Training for dieticians
Many people read this blog, so before I start this comment I would strongly say that this is not a dietician bashing episode. Far from it, what it is, is an evaluation about training – for both dieticians and nutritionists. So this morning my father who is a Daily Mail reader passed me this comment by their resident GP. As I can’t find the link online I only have the hard copy but will copy it on here for you to read:
By the way… Patients need FOOD, not body builder drinks
For the third time in a month I’ve found that one of my patients recovering after major surgery has been issued a supply of fortified chemical drinks by a hopsital dietician. These drinks are intended to provide calories and nutrients for recovery but I’d have preferred the patient to have been given careful structured advice about what food to eat, and the relevant meals to have been supplied instead. What has happened to the dietitian profession? You might be forgiven for thinking that dietetics has something to do with food and healthy eating but it seem that for the most part nothing could be further from the truth. I questioned a friend who has just graduated after a four year slog at university to gain a degree in dietetics. Previously a sucessful professional restauranteur she had to study for science A levels attained an undergraduate place and learned details physiology biochemistry pharmacology psychology and a host of allied subjects to gain her BSc. On graduation she was handed the keys to the fortified drinks cupboard and is permitted to help patients decide if they would prefer the strawberry or the chocolate flavour. Her training is about everything but food and nutritious eating. I spend a lot of time cautioning patients against blindly entrusting their care to nutritionists peddling supplements and dubious exclusion diets on the grounds that the title nutritionist has not legal status, always consult a trained dietitian I say. Now I have come to realise that even the leading private hospitals in london have reduced much of their dietician service to the supply of these fortified drinks. So I may have to change my tune many nutritionists are doing a better job than dieticians. And the one dietician I know who used to walk across the road from Harley street to the gastronomic outlets in Marylebone High Street to buy appropriate yet delightful snacks to buy patients (often frail after major surgery or bravely tolerating chemotherapy) has been banned from doing this. I wonder why?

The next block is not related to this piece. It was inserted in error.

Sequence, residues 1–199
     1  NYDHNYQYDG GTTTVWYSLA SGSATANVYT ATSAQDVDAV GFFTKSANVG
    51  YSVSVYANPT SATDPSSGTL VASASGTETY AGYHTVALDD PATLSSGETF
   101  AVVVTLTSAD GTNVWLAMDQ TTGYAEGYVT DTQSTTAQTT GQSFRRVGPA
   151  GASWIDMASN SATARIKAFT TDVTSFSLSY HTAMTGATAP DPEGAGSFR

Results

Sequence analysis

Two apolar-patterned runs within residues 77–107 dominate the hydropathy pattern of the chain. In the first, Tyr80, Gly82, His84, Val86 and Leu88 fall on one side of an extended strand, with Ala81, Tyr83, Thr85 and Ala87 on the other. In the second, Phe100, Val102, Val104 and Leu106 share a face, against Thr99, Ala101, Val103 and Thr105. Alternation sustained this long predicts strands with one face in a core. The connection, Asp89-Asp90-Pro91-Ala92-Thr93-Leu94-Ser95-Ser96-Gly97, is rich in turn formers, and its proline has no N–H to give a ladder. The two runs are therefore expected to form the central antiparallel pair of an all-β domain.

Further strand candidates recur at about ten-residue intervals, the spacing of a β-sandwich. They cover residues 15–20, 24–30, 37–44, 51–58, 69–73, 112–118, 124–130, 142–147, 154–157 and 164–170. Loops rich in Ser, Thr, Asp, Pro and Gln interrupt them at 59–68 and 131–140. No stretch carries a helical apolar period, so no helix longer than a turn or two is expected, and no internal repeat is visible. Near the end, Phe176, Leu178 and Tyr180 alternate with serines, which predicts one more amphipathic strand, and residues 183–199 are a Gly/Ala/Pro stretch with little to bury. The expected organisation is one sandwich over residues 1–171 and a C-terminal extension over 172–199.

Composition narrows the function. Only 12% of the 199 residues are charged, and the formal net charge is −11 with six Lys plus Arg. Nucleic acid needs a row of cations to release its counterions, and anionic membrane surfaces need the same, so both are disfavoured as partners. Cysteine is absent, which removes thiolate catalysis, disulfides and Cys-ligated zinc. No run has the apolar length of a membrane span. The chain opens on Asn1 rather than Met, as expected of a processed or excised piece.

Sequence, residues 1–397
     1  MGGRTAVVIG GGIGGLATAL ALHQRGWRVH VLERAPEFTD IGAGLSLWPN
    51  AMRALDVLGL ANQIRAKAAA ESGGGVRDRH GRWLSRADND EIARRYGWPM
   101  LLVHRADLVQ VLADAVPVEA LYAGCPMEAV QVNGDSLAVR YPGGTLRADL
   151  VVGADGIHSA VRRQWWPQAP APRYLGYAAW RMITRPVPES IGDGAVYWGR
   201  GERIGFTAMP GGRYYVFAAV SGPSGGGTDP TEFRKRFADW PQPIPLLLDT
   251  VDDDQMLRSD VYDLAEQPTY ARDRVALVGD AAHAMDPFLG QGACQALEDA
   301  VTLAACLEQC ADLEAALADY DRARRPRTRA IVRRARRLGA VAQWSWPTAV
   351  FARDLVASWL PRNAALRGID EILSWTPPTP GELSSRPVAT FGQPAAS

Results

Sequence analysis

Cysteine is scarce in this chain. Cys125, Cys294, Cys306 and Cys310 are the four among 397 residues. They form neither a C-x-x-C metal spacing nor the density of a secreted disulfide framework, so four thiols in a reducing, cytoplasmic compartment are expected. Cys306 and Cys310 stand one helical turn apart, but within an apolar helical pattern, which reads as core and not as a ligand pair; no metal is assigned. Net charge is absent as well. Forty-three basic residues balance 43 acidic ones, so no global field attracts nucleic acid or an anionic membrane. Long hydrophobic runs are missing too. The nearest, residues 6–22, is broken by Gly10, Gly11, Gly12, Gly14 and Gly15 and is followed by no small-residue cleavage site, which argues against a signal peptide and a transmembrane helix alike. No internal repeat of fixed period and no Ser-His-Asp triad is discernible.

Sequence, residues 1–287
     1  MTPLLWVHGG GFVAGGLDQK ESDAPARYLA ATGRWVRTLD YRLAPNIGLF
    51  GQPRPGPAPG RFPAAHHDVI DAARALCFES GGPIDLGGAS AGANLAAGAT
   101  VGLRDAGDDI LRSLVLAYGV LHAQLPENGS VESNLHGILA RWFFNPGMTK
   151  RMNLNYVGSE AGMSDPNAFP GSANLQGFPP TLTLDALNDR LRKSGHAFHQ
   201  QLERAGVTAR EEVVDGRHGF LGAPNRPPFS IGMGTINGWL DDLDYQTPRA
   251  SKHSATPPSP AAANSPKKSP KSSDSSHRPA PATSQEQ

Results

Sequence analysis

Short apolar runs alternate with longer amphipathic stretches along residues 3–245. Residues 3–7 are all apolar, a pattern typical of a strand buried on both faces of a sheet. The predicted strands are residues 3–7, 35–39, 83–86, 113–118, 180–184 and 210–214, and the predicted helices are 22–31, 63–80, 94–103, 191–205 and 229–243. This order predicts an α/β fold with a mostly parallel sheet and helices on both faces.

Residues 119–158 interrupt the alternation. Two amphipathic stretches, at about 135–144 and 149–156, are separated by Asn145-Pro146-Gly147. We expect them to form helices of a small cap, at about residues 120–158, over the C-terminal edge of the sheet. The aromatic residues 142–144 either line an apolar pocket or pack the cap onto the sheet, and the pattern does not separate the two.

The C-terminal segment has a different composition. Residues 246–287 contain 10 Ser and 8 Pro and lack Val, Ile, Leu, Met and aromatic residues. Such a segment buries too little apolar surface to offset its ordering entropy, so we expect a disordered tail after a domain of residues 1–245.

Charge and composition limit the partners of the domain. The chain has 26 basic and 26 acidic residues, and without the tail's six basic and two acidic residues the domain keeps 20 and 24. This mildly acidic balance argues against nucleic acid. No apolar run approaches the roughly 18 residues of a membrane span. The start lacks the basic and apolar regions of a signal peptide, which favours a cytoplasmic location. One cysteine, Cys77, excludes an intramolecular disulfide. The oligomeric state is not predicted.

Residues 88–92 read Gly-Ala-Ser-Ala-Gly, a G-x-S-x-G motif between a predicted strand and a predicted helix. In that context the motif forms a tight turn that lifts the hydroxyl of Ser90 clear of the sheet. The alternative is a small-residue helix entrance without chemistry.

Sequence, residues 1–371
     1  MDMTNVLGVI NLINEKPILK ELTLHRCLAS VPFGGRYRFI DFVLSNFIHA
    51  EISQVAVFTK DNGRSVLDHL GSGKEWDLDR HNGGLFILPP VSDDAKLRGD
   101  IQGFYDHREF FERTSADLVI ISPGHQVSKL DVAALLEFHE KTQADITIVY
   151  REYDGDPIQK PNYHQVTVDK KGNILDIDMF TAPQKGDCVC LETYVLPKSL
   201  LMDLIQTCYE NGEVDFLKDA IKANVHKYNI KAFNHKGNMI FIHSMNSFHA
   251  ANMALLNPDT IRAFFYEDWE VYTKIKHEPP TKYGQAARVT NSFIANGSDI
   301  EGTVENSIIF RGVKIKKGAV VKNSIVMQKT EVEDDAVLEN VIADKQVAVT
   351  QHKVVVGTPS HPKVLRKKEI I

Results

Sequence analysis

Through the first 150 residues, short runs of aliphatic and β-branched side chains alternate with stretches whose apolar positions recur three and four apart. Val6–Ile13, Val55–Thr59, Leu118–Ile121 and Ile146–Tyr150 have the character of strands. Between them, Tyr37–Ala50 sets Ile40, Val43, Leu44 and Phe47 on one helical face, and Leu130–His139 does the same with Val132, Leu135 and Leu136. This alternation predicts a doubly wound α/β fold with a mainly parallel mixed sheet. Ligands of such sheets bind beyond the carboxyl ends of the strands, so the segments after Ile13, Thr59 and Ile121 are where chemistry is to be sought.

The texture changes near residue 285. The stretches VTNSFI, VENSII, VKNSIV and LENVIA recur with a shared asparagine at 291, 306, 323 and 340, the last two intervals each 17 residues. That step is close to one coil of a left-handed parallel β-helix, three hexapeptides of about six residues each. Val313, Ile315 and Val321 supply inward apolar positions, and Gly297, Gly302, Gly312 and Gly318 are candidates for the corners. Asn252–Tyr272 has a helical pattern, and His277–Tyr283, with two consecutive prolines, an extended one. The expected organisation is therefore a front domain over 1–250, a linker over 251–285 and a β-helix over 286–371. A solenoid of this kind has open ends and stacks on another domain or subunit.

I have sent a letter to this GP to explain our frustrations at the above and the amount of quack nutritionists who do peddle a lot of nonsense and supplements. I’d love to hear your views on this and your experiences of NHS dieticians, nutritionists and fortified drinks or food eaten whilst you or a relative were recovering from surgery.